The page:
As a teenager I remember feeling frustrated with the imminent coming of the Lord. With all the upheaval in the world I was sure He would arrive before I’d had a chance to marry and have children. I thought the timing was unfair and lamented my woes to my mother. “Aren’t you bothered by it?” I asked.
“No,” she replied. “I think it will be wonderful to see prophecies being fulfilled.”
Well, that response took the wind right out of my sails.
She went on to explain that she didn’t want to see the destruction and suffering but she finds great strength is knowing the Lord still reveals His will to His servants the prophets (see Amos 3:7).
Though that conversation happened three decades ago, I still remember its strong impact on me. Since then I’ve had time to finish high school, attend college, go on a mission, marry and have children. Over the years, As my understanding of His divine law grows, I have learned to hold my gaze more steadily on the prophets. This has brought me great understanding and hope even as I have seen latter-day prophecies fulfilled. As I've watched them unfold--despite the anguish--I have felt a similar peace and gratitude.
Now, however, my teenagers sometimes express the same fears I did. How can we talk to our youth and help them understand His coming?
When Will He Come?Let your teenagers know they are not alone in their concerns. In fact, fear that the Second Coming will happen soon is part of every generation. The week before the Savior was crucified his apostles asked him “Master, but when shall these things be?” (Luke 21:7) They were worried about what Christ had told them and wanted to know how soon it would happen.
During Joseph Smith’s day the Saints wanted to know the timing of His coming. Later those who fled to Utah to escape persecution asked about the Second Coming. Elder Richard L. Evans said, “Some of the brethren…approached (President Wilford Woodruff) and…inquired of him as to when he felt the end would be—when would be the coming of the Master?”
But President Woodruff did not tell them a time. Neither have we been told. In fact, M. Russell Ballard spoke on this topic in the December Ensign of 1996. “I am called as one of the Apostles to be a special witness of Christ in these exciting, trying times, and I do not know when He is going to come again. As far as I know, none of my brethren in the Quorum of the Twelve or even in the First Presidency knows. And I would humbly suggest that if we do not know, then nobody knows, no matter how compelling their arguments or how reasonable their calculations. The Savior said that “of that day, and hour, no one knoweth; no, not the angels of God in heaven, but my Father only” (JST, Matt. 1:40). I believe that when the Lord says “no one” knows, He really means that no one knows. We should be extremely wary of anyone who claims to be an exception to divine decree.”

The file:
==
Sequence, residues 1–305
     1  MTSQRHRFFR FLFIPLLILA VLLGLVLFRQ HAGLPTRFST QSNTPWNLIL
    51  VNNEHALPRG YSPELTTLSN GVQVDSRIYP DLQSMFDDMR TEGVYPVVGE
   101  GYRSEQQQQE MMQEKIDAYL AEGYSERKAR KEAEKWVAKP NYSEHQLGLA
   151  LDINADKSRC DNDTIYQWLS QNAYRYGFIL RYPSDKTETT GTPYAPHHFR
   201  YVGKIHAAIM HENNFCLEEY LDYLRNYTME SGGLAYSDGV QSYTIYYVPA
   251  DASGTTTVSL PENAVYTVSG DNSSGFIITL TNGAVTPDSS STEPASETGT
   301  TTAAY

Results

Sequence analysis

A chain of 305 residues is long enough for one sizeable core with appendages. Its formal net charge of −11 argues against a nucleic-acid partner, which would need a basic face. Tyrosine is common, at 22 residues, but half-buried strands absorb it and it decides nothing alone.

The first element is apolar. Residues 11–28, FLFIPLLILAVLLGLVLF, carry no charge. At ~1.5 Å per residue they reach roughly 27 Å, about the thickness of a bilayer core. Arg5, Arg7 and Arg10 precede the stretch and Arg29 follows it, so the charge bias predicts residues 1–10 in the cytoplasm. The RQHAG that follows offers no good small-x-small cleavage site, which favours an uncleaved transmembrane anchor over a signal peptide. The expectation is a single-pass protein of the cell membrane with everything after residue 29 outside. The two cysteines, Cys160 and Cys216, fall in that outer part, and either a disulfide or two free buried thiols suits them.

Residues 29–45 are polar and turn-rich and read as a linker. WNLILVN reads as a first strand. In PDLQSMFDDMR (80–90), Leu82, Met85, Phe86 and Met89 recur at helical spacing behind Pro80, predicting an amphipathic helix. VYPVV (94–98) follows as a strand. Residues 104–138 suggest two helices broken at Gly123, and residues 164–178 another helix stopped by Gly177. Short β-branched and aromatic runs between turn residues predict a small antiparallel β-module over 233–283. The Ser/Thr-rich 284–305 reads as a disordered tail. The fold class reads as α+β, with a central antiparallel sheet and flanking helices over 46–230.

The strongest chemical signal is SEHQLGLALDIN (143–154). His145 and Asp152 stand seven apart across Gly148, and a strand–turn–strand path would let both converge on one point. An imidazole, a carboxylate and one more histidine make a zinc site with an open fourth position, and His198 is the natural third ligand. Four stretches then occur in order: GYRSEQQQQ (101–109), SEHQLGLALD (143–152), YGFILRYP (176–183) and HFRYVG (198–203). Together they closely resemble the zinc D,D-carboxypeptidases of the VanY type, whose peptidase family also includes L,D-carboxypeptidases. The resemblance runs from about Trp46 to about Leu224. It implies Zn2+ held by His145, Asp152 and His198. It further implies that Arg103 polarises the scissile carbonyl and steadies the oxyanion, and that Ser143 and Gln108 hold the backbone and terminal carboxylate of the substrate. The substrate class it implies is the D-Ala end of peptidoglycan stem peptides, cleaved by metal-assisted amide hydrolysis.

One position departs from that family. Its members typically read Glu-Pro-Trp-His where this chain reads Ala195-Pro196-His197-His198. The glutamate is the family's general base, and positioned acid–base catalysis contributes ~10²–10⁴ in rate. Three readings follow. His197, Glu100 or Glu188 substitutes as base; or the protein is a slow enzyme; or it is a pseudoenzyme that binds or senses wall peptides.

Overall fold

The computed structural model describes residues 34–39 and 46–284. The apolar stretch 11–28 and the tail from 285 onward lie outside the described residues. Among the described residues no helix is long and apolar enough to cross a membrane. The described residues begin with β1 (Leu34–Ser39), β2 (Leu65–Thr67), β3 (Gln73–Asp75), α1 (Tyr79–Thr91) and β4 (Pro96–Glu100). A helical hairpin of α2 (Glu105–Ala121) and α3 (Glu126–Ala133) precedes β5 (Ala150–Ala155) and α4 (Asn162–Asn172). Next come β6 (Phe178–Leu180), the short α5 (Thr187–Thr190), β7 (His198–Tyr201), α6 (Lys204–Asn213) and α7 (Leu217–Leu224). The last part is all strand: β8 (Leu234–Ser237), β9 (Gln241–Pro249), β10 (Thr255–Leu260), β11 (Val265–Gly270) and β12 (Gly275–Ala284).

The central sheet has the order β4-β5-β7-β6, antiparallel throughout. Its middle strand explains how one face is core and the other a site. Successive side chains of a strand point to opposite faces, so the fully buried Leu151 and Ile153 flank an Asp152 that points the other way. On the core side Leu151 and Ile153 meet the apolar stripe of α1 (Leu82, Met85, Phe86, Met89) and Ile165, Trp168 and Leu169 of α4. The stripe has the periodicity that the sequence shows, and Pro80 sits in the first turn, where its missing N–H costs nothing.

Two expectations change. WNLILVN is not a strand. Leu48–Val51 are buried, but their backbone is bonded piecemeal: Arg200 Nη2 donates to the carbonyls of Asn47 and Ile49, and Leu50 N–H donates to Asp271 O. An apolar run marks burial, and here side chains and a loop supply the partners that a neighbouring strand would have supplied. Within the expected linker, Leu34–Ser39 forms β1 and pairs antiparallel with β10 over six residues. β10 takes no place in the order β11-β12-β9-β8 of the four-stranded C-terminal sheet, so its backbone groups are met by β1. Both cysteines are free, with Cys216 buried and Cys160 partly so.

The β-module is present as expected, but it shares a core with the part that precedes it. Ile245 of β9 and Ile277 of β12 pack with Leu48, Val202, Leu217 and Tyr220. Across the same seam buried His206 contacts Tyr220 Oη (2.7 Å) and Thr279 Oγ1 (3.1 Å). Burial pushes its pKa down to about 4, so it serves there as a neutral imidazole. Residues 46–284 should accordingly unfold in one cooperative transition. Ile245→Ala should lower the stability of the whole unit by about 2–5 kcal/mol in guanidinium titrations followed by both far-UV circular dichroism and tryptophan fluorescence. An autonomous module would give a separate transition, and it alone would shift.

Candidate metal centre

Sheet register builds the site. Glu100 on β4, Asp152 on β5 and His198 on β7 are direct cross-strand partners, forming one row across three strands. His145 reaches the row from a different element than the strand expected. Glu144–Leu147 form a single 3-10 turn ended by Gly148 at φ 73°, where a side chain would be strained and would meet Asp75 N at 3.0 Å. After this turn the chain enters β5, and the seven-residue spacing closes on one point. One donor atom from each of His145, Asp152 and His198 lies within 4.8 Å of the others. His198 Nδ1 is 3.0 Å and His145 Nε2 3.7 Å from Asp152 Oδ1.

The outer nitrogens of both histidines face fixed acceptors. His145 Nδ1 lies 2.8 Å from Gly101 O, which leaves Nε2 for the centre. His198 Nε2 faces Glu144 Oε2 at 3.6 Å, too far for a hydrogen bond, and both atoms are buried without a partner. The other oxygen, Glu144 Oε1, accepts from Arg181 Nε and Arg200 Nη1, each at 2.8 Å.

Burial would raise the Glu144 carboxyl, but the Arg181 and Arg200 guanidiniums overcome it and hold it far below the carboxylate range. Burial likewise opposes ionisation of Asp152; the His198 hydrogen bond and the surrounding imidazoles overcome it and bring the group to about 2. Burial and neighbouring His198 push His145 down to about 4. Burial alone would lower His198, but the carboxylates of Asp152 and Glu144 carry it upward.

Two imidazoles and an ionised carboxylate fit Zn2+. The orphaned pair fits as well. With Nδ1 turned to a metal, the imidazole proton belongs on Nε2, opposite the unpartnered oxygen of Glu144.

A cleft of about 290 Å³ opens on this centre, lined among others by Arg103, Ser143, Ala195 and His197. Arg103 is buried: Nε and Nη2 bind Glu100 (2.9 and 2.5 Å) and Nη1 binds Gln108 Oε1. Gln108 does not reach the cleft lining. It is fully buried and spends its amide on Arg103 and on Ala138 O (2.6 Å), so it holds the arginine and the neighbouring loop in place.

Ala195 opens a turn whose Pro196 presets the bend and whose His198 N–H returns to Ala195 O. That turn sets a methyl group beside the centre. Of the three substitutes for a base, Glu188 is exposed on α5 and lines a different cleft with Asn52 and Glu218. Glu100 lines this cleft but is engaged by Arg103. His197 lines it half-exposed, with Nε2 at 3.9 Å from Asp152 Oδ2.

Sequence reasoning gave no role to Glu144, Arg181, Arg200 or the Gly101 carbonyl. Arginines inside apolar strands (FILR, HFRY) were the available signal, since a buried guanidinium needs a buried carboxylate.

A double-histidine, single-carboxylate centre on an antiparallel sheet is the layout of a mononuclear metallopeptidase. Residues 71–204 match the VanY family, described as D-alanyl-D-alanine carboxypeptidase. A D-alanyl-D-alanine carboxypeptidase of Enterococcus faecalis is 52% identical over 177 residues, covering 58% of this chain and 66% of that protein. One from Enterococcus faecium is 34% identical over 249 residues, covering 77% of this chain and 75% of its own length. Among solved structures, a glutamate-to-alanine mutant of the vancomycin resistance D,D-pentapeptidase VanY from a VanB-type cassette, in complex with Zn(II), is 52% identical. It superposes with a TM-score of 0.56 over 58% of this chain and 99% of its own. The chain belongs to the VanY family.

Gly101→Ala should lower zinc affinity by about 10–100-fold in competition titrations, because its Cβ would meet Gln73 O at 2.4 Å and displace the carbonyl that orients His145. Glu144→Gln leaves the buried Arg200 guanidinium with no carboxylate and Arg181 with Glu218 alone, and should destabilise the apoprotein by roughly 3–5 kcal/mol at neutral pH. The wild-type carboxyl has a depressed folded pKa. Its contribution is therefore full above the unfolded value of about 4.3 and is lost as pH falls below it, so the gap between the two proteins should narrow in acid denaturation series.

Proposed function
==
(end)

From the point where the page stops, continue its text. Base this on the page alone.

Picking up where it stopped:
Points to discuss together: Read D&C 45:26 and ask your teenager what they think the phrase, “and men’s hearts shall fail them,” could mean; also the phrase “and they shall say that Christ delayeth his coming”?
Plan for the Future:Remember the brethren who asked President Woodruff about His coming? According to Elder Evans, President Woodruff answered this way. “These, I think, are not his exact words, but they convey the spirit of his reported reply: ‘I would live as if it were to be tomorrow—but I am still planting cherry trees!’ I think we may well take this as a page for our own book and live as if the end might be tomorrow—and still plant cherry trees!” (Conf. Report, April 1950)
So do we have time to plant cherry trees and plan for a future? Do our children?
The answer is a resounding yes!
When the Jews had been decimated, their lands destroyed and their families and armies annihilated, they were carried captive into Babylon. Left to die as slaves, they despaired—for real reasons--over their future. The prophet Jeremiah wrote to them in their anguish and gave this counsel from the Lord. “Build ye houses, and dwell in them; and plant gardens, and eat the fruit of them;
“Take we wives, and beget sons and daughters…that ye may be increased there, and not diminished.
“And seek the peace of the city whither I have caused you to be carried away captives, and pray unto the Lord for it: for in the peace thereof shall ye have peace.” (Jeremiah 29:5-7)
Jeremiah knew it is always the Lord’s desire that we continue to plan, prepare and progress, even if we feel our future is short. By living life filled with actions of righteous hope and work, we are increased. By giving up, we are diminished.
Understanding that the youth of today feel the same ‘end-of-days’ concerns as other generations, Elder Boyd K. Packer, of the Quorum of the Twelve gave the following counsel: “Teenagers also sometimes think, ‘What’s the use? The world will soon be blown all apart and come to an end.’ That feeling comes from fear, not from faith. No one knows the hour or the day (see D&C 49:7), but the end cannot come until all of the purposes of the Lord are fulfilled. Everything that I have learned from the revelations and from life convinces me that there is time and to spare for you to carefully prepare for a long life.
“One day you will cope with teenage children of your own. That will serve you right. Later, you will spoil your grandchildren, and they in turn spoil theirs. If an earlier end should happen to come to one, that is more reason to do things right” (in Conference Report, Apr. 1989, 72; or Ensign, May 1989, 59).
Points to discuss: Discuss why it is important to plan for the future, both physically and spiritually. Help your teenager decide on future plans. These may include reading the Book of Mormon, becoming more Christ-like, serving a mission, going to college, or preparing for marriage. Help them create an actual plan that will bring them closer to their goals.